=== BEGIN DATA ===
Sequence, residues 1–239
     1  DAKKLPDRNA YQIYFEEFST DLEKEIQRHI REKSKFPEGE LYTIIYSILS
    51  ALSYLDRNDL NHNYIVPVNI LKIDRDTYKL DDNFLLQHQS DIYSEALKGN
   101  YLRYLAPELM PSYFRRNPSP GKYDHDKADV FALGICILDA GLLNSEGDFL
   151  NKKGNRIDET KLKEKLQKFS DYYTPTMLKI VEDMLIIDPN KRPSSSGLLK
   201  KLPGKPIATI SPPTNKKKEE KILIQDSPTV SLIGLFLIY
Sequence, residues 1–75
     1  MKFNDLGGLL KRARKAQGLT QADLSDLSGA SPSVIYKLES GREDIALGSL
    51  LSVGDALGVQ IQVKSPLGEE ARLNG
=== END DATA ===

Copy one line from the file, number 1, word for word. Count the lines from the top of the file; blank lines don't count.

Sequence, residues 1–239